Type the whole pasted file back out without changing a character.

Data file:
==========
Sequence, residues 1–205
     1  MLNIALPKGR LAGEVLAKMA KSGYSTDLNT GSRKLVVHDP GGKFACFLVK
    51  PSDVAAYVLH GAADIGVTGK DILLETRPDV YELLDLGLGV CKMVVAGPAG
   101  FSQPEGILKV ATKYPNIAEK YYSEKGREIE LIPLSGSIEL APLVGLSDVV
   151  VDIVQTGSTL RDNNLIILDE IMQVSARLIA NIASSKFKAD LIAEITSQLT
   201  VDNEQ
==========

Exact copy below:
Sequence, residues 1–205
     1  MLNIALPKGR LAGEVLAKMA KSGYSTDLNT GSRKLVVHDP GGKFACFLVK
    51  PSDVAAYVLH GAADIGVTGK DILLETRPDV YELLDLGLGV CKMVVAGPAG
   101  FSQPEGILKV ATKYPNIAEK YYSEKGREIE LIPLSGSIEL APLVGLSDVV
   151  VDIVQTGSTL RDNNLIILDE IMQVSARLIA NIASSKFKAD LIAEITSQLT
   201  VDNEQ